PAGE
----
Renault-Nissan Negotiation 9issuing additional equity or selling shares to raise capital would be ill-timed since shares had depreciatedby 50% in the past year, and spinning off Nissan Diesel and other subsidiaries would not raise sufficientcash. Besides, these options would only satisfy creditors and not address fundamental strategicimperatives. With respect to potential partners, the large Japanese automakers—arch-rival Toyota andHonda—probably viewed Nissan as undesirable, and smaller Japanese companies could not afford ordigest a large firm. Meanwhile, the American majors GM and Ford were already allied with Toyota andMazda, respectively. Ford had collaborated with Nissan in a limited way on a mini-van project but was,by this point, actually managing Mazda. These conditions left Hanawa with the option of an internally led restructuring based on theNissan Corporate Planning Department’s 1-month old ―Global Business Reform Plan‖ and short-termassistance from fellow members of Nissan’s industrial group, the Fuyo keiretsu. Given the scale andscope of Nissan’s needs, this was a rather weak option. (Later on, Hanawa’s alternatives would improveat crucial points.)Moving Forward From the outset, Schweitzer eschewed the idea of pursuing a typical acquisition or merger withNissan (Korine et al., 2002:22). He believed key stakeholders and the Japanese public would oppose aforeign takeover. Instead, he envisioned an alliance—a ―subtle balance‖—between the two companies(Douin, 2002:3). Issues The meta-issue for the companies to negotiate was the basic nature of a relationship. Specificagenda items included the scope of their collaboration, their respective contributions, and anorganizational structure. Whatever the basic relationship, management control and equity valuations were bound to be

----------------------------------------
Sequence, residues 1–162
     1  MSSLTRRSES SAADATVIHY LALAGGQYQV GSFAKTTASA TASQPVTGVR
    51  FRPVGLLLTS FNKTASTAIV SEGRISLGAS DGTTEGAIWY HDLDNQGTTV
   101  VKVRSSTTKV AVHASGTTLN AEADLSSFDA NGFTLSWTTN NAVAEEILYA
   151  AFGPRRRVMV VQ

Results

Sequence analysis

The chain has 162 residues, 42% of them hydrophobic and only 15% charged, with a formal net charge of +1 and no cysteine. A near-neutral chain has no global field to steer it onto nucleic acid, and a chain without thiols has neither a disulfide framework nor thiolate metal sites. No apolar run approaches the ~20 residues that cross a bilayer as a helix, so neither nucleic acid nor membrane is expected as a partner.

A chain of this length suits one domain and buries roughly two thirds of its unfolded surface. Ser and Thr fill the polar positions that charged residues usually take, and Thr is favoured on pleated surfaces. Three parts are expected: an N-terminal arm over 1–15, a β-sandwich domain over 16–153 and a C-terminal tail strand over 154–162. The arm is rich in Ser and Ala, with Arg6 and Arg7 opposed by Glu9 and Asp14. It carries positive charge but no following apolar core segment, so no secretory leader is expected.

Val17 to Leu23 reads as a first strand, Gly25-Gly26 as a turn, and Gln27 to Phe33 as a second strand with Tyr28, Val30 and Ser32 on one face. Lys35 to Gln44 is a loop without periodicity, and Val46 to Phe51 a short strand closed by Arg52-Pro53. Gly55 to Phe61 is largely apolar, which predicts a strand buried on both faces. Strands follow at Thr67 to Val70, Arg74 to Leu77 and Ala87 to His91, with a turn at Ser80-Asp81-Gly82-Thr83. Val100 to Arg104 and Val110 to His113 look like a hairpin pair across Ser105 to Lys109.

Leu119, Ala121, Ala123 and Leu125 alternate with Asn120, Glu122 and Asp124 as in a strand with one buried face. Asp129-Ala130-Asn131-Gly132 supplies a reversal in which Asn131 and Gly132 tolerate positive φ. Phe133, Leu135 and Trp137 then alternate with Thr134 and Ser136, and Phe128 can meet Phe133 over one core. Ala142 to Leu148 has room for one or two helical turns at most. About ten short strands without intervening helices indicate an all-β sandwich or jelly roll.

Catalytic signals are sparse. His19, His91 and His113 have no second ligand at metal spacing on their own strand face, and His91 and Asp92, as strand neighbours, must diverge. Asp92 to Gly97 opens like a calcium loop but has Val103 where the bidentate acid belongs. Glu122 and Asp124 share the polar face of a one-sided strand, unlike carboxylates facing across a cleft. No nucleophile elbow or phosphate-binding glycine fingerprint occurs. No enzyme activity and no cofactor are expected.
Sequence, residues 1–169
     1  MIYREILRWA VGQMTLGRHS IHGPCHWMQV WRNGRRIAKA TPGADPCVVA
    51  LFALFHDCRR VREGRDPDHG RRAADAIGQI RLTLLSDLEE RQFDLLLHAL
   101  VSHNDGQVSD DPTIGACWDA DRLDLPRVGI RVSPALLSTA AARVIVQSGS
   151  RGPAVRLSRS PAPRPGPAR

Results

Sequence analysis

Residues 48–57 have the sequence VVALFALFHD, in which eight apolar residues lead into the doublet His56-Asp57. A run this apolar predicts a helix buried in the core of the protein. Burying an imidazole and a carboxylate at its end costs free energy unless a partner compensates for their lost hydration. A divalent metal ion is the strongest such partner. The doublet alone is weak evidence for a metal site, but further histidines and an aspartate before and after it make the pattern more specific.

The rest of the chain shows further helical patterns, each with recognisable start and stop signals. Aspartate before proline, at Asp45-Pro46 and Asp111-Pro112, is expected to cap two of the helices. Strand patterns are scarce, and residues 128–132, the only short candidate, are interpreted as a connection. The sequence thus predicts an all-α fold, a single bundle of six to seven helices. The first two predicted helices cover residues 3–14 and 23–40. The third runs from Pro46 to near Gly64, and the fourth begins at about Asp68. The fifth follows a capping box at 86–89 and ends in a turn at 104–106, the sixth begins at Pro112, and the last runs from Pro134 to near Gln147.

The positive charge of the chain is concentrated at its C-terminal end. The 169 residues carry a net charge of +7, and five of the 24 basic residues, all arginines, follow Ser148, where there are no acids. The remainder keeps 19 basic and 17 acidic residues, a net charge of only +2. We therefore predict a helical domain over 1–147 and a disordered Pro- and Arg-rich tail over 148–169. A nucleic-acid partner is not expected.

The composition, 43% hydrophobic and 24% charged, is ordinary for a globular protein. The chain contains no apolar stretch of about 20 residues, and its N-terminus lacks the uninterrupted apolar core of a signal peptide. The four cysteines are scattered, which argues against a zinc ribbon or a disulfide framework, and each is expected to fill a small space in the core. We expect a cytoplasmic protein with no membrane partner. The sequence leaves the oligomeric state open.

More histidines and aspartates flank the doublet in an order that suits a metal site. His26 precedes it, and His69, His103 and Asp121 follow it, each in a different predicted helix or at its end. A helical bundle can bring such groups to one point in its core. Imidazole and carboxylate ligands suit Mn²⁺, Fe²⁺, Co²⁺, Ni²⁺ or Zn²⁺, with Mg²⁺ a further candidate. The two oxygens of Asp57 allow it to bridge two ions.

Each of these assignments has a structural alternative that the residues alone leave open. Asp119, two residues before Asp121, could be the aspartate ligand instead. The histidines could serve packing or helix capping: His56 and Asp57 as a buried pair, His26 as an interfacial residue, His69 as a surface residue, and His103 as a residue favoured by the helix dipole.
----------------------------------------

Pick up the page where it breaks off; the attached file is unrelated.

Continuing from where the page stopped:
Renault-Nissan Negotiation 10sensitive issues. Given Nissan’s history and prominence in Japan’s industrial sector, Hanawa and histeam would be protective of the company and determined to ensure that Nissan Motor had a future. Atthe same time, while Renault had $2 billion in cash to spend, the company’s financial history andgovernment supervision necessitated that Schweitzer proceed prudently. The Negotiations “It’s a question of seducing rather than imposing.”3 Hanawa’s reply to Schweitzer’s letter set in motion a series of communications and negotiationsthat lasted from June 1998 to March 1999. This 9-month period may be divided into five phases: 1 – Exploring Interest in Collaboration (June-July, 1998) 2 – Identification of Possible Synergies (August-September, 1998) 3 – Evaluation of Possible Synergies (October-December, 1998) 4 – Striking the Deal (January-March 13, 1999) 5 – Finalizing Details (March 14-27, 1999)The following sections describe the various actors and each phase of the negotiation process.Participants and Stakeholders As is typical of high-stakes corporate negotiations, the number of direct participants in theRenault-Nissan talks started small—less than 10 on each side—and grew as the discussions intensified.The two CEOs formally initiated the talks and remained engaged throughout the process. EVP Douin,who spearheaded the advance work for the CEOs’ first meeting, served as chief negotiator of Renault’sfour-person team. Nissan’s three-person negotiation team included General Manager of CorporatePlanning Yutaka Suzuki. Both executive teams were advised by investment bankers: Merrill Lynch for Renault, SalomonSmith Barney for Nissan. Internal specialists supported the negotiation teams. Three months into thenegotiations, the teams drew 120 resource personnel from their companies and organized joint teams to